Edgecombe’s inclusion on this list is due to the Antigua-specific nature of this play. He hails from neighbouring Montserrat where he was the founder of touring company, the Montserrat Theatre Group. He has written over a dozen plays which have been staged throughout the Caribbean, in Canada, and in Nigeria. He joined the faculty of the University of the Virgin Islands in 1990 to teach English and was artist-in-residence in 1991. He also taught Journalism, Speech Communication, and Theater before becoming Director of the Reichhold Center for the Arts. He went on to become a full-time professor in the College of Liberal Arts & Social Sciences, University of the Virgin Islands. He has published several of his plays with Caribbean Reads Publishing; but, notably, Lady of Parham was shortlisted for the Guyana Prize for Literature Caribbean Award.
Name: Gus Edwards
The Offering & Other Plays by Gus Edwards.
Black Heroes in Monologues (ed.). Heinemann. US. 2006.
50 African American Audition Monologues (ed.). Heinemann. US. 2002.
More Monologues on Black Life (ed.). Heinemann. US. 2000.
Monologues on Black Life (ed.). Heinemann. US. 1997.
Classic Plays from the Negro Ensemble Company (w/co-editor Paul Carter Harrison). University of Pittsburgh Press. US. 1995.
The Offering. Dramatists Play Service Inc. US. 1978.
Old Phantoms. Dramatists Play Service Inc. US. 1969.
About the Books:
Black Heroes in Monologues – What is a hero? How is one defined? When Gus Edwards discovered that the majority of the young actors, playwrights, and teachers he encountered didn’t know who Nat Turner was—nor many other key men and women in black history—he summoned the power of theatre to correct the situation. Black Heroes in Monologues brings these and other influential African Americans to life once again.
50 African American Audition Monologues – Finding authentic African American material has never been easy for actors. Gus Edwards continued to remedy that situation with this third collection of powerful, original monologues for African American men and women. The pieces offer a refreshing alternative to recycled standards. And they showcase the language and frame of reference that are immediately recognizable, both emotionally and culturally, to the people who will perform or view them. Edwards has arranged the monologues by performance length, a key component in auditioning.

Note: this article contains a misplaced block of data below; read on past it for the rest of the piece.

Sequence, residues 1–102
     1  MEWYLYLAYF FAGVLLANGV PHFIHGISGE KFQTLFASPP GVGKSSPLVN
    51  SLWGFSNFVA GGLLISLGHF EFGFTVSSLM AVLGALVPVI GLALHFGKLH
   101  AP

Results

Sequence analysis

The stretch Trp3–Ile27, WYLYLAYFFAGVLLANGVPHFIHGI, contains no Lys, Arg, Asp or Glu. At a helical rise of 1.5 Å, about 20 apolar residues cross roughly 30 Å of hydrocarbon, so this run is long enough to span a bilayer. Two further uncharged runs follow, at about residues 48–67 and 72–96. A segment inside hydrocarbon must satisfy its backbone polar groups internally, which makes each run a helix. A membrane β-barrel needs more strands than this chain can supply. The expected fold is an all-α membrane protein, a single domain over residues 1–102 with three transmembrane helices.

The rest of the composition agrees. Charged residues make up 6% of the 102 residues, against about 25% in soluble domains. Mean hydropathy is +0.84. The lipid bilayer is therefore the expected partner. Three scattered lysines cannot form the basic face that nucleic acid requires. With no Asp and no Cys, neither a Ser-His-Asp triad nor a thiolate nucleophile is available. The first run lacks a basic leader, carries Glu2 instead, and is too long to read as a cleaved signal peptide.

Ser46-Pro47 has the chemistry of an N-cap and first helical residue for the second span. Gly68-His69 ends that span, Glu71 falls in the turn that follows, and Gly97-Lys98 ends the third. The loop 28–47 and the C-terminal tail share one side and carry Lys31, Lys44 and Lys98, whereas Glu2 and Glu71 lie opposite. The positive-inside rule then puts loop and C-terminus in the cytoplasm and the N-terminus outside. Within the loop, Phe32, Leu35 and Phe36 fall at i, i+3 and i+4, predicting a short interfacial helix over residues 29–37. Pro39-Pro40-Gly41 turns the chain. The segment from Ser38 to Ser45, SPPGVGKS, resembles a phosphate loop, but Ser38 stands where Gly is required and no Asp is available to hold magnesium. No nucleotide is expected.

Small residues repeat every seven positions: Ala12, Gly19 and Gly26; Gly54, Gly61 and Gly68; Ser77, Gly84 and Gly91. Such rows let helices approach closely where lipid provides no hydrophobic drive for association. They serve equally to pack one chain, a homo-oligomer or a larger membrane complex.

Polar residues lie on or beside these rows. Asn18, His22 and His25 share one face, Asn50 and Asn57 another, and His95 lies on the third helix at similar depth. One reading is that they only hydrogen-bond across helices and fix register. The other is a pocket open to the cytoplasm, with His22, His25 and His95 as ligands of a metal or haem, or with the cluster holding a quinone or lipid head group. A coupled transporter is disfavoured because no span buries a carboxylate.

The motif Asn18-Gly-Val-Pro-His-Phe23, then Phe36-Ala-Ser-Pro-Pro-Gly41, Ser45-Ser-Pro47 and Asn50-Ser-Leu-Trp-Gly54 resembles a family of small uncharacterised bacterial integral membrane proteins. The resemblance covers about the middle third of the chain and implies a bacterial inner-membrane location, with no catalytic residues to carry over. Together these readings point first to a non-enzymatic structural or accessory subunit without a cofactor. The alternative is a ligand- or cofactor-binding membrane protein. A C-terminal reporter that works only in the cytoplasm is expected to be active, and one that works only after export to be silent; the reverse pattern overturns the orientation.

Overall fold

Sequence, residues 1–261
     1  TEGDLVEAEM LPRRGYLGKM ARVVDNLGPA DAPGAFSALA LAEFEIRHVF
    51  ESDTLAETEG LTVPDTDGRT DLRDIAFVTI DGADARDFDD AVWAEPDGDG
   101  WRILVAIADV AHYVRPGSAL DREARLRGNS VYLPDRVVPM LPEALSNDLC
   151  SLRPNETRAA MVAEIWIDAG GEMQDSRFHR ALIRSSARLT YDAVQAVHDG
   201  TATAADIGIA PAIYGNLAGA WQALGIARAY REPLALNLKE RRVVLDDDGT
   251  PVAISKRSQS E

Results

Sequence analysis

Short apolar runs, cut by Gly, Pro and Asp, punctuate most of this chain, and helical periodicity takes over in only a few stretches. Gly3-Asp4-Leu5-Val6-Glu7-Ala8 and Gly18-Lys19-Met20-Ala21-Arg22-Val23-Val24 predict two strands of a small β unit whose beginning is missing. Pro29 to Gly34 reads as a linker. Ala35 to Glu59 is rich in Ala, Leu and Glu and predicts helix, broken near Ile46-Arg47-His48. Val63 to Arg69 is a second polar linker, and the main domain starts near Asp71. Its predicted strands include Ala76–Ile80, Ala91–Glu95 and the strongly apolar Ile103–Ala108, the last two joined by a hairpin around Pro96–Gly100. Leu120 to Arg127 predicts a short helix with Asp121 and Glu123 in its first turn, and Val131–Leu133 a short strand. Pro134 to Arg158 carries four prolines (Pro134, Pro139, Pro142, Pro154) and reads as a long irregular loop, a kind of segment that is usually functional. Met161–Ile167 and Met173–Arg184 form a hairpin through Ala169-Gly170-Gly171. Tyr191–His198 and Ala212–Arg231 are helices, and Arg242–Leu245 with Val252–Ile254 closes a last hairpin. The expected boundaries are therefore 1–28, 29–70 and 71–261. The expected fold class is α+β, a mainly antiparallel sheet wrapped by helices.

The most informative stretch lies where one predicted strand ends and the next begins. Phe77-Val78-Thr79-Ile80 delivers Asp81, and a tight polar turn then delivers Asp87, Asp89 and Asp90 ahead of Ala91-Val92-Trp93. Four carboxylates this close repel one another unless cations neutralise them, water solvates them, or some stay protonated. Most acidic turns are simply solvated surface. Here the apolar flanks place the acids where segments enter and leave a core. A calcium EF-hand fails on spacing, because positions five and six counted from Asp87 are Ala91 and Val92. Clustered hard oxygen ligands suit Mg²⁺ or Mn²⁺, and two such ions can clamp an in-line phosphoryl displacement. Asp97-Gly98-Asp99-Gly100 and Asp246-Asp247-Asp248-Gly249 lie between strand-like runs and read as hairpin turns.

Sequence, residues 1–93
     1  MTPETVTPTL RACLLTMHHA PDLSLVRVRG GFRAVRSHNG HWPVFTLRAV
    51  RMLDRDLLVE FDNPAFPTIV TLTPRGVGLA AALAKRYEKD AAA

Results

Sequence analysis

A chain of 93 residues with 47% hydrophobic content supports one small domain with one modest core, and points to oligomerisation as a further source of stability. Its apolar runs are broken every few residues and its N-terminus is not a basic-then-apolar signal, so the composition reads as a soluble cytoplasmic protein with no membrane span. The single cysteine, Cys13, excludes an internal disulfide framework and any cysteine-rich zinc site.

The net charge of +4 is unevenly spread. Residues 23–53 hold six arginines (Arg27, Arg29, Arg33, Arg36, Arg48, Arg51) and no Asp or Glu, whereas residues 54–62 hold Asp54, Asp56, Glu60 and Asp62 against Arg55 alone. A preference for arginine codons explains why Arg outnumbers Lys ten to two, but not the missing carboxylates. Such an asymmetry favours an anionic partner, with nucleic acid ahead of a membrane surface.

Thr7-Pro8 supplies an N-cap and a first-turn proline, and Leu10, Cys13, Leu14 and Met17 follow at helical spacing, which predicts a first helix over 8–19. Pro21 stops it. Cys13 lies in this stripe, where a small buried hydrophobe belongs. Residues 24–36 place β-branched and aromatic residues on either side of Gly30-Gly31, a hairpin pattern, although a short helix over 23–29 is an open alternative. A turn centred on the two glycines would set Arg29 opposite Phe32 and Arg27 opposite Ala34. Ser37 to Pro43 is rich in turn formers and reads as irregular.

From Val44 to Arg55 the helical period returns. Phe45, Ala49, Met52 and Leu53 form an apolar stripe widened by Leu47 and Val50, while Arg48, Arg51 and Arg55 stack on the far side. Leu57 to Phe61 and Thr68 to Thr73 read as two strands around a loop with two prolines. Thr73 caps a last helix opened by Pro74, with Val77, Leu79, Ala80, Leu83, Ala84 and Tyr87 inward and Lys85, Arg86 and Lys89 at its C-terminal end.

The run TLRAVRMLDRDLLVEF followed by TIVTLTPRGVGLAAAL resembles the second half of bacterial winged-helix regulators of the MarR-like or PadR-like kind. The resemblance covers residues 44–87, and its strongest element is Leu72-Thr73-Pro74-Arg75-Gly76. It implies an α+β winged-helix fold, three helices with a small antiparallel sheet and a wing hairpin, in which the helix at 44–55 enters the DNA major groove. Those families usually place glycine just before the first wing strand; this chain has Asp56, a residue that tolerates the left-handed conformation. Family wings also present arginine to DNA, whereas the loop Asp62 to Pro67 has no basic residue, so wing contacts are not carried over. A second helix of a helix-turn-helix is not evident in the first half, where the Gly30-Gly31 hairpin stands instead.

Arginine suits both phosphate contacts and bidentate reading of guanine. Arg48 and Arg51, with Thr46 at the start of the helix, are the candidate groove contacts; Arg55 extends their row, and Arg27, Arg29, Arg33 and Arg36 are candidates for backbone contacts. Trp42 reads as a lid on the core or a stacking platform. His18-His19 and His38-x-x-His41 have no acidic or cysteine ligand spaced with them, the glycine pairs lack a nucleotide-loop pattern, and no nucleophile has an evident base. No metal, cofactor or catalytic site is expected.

More Monologues on Black Life – This collection presents fresh material written in a voice that reflects the modern African American experience. The collection offers the complete text of Gus Edwards’ remarkable ‘Lifetimes on the Streets’, in a volume with another collection of monologues entitled ‘Reaching for the Dream’. Together, these two sets of monologues are a vital resource for actors and actresses looking for honest, vibrant material. The characters in ‘Lifetimes on the Streets’ range from a woman on her way to her hairdresser who enters into a strange relationship with a painter who invites her to have a cup of tea with him, to the Common Man, an old man carrying a bag who warns that Harlem is entering a new ice age, to a businessman who, on the death of a homosexual friend, wanders into a porn movie and is forced to confront his own discomfort and lack of confidence. The rest of this volume is a collection of monologues for men and women, ranging in age from 15 to 50.